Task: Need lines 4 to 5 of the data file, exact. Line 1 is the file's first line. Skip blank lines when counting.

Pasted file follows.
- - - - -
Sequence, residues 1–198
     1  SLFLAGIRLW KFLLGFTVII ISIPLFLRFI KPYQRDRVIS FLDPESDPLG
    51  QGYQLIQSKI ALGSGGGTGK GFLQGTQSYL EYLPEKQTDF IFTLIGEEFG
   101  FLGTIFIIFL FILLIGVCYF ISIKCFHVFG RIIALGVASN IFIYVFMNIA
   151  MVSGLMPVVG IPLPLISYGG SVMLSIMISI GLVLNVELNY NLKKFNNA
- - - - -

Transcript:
   101  FLGTIFIIFL FILLIGVCYF ISIKCFHVFG RIIALGVASN IFIYVFMNIA
   151  MVSGLMPVVG IPLPLISYGG SVMLSIMISI GLVLNVELNY NLKKFNNA